Teaching and Learning History

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  • 1.  History in General Education Curricula?

    Posted 01-27-2014 04:27:00 PM


    After organizing the Undergraduate Teaching Workshop on a general-education theme, attending the Association of American Colleges and Universities (AAC&U) meeting in DC last week, and reading this article on the new trend in "pathways" for general-education curricula, I have a few questions for history students and teachers:

    Does your institution have thematic general education pathways?

    If so, what role does history or study of the past play in those pathways?

    For those without such pathways, how does history play into the general education requirements?  Are requirements based on a subset of "core" courses, or are there "distribution" requirements for non-majors to take a certain number of history courses?

    How do these courses or pathways curricula affect the history discipline at your institution?

    Please click "reply to discussion," and let me know what the situation looks like where you are.


    Julia Brookins
    American Historical Assoc.
    Washington DC

  • 2.  RE:History in General Education Curricula?

    Posted 01-27-2014 06:02:00 PM
    Hi Julia,

    In Texas the state mandates six hours of U.S. History for all majors in public institutions of education. The six hours could be U.S. Hist. 1301 and 1302 or Mexican American History 2327 and 2328 or a combination of these four class. Also, Texas History can count for three hours of the U.S. history requirement.

    Concerning pathways, my college certainly does engage in creating such pathways in order to help students graduate on time, but also to avoid the Excess Undergraduate Hour penalty. Students are allowed up to 30 attempted hours that do not fulfill an undergraduate degree. Once these hours are utilized the student then is charged out-of-state tuition for the remainder of their classes. These 30 attempted hours could be failures, drops or when students change majors and classes attempted for the previous major does not fulfill the new major. While 30 hours seems like a lot in reality it is 10 classes of students being misadvised on classes, a crisis in a semester when they have to drop their courses, or simply some failures. There are other issues but I do not want to make this long.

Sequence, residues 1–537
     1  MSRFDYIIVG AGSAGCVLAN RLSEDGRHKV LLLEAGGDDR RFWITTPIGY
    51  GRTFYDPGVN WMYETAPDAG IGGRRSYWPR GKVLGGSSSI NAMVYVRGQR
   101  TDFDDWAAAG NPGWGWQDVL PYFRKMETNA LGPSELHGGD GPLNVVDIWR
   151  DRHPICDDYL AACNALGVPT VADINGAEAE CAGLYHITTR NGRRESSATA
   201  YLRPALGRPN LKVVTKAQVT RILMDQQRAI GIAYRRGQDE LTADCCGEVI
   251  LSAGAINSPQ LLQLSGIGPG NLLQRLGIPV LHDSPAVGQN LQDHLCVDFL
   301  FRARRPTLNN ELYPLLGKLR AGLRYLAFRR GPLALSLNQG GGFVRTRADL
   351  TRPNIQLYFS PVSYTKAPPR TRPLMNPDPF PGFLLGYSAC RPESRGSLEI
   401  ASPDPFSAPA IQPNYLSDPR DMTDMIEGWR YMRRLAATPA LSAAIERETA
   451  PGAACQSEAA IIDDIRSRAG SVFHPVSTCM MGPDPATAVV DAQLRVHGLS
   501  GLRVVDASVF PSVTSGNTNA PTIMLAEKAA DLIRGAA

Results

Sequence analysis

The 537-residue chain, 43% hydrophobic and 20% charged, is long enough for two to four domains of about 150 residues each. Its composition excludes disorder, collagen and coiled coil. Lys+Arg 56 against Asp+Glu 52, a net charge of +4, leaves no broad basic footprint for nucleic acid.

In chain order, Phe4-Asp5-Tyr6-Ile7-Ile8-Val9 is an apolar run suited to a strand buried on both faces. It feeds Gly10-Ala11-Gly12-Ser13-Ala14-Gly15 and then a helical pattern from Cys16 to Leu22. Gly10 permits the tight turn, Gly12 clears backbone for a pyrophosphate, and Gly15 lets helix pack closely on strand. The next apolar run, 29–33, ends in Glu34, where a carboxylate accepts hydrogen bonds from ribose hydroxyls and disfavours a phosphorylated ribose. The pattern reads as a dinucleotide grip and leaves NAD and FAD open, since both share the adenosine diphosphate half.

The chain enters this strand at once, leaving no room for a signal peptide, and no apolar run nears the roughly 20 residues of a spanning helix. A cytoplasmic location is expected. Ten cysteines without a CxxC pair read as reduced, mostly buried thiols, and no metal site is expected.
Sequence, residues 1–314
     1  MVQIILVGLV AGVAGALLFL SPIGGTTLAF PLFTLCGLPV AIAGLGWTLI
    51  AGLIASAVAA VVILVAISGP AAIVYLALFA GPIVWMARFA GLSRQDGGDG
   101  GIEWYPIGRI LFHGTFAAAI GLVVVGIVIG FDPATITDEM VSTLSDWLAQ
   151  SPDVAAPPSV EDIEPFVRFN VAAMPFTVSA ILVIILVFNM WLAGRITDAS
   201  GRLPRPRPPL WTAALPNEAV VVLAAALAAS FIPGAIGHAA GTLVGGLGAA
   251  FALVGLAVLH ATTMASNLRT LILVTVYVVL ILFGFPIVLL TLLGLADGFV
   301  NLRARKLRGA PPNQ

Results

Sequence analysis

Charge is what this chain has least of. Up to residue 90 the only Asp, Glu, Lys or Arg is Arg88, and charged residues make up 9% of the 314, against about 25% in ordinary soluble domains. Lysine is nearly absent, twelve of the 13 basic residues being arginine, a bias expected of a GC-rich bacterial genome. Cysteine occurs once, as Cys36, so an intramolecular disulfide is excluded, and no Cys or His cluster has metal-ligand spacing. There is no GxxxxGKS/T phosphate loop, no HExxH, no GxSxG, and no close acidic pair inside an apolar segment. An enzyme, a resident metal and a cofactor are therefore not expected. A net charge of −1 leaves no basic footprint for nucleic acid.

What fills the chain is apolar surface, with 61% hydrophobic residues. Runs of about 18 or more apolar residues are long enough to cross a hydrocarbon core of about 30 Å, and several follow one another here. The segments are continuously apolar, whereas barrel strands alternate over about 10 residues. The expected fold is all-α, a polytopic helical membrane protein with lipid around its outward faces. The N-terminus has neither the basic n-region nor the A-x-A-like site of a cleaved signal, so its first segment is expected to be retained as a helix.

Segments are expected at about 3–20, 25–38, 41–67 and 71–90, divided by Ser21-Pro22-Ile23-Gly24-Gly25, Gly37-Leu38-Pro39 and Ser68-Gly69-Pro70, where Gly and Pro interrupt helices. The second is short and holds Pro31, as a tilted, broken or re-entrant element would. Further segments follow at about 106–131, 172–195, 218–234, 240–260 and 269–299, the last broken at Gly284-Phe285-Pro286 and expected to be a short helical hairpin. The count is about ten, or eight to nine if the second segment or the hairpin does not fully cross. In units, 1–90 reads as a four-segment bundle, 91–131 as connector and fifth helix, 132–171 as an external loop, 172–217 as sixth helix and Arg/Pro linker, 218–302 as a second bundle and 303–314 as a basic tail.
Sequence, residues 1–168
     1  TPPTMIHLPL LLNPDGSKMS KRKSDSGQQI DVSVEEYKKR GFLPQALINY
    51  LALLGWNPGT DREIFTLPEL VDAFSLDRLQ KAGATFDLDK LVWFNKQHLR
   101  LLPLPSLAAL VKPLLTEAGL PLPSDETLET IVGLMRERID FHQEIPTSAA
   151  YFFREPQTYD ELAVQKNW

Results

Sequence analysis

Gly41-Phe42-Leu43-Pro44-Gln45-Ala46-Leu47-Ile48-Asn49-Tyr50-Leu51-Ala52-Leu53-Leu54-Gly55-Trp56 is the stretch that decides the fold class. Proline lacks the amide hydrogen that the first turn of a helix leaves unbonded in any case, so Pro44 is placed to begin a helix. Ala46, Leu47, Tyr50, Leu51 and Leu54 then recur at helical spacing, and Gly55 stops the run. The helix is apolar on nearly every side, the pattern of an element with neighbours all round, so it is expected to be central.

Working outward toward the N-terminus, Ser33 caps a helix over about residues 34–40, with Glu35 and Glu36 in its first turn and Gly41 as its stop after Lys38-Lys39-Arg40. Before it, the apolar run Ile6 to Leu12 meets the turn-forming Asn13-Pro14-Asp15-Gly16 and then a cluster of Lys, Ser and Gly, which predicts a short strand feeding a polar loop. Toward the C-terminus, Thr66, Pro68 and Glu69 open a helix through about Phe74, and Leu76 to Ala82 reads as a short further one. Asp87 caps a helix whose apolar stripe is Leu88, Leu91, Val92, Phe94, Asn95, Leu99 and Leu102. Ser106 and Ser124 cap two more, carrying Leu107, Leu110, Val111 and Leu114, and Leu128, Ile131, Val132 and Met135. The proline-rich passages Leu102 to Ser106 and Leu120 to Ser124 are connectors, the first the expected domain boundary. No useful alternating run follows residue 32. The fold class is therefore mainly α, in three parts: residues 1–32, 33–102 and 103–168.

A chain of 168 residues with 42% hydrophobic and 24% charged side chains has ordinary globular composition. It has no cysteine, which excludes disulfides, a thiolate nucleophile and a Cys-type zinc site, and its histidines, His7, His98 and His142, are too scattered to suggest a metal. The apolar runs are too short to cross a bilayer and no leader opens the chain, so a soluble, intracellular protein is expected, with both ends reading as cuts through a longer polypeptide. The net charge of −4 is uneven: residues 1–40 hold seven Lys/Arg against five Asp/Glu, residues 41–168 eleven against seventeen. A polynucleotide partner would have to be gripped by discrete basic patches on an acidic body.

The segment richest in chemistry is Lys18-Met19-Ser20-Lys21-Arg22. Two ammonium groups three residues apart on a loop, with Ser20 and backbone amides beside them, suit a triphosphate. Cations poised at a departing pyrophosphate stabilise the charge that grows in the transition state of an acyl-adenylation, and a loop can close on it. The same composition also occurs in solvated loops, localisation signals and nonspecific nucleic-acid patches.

Trinidad Gonzales
    South Texas Coll.
    McAllen TX

  • 3.  RE:History in General Education Curricula?

    Posted 01-28-2014 09:57:00 AM
    We have general education requirements here in Florida that call for, among other things, "historical understanding," but there are no state-mandated history courses at the college level.  Our institution has a "bucket" of gen ed courses that the student must choose two from.  Both U.S. surveys and both European surveys are included, with a preference for U.S. since 1877.  Students can skip history entirely and choose sociology, psychology, political science, anthropology, or economics. 

    The history courses themselves all have Common Course Outcomes.  The debate arises about the balance of "content" and skills.  Some faculty seem to want "coverage" of the content, while others focus more on history as an intellectual discipline.  It was a fairly contentious debate over this issue late last year.

    We are also seeing increased pressure to cover, or even celebrate, U.S. history.  There are calls for our history classes to spend more time on "ethical reasoning."  Faculty have also been told that they should try to give our U.S. courses a more "global perspective." 

    I'd like to see a roundtable or panel at the 2015 AHA that addresses the course outcomes question.  What state or institutional pressures are on history faculty to address certain issues or give courses more of a particular perspective?

    Is anyone interested in developing such a roundtable?

    Mark Smith
    Valencia Coll.
    Orlando FL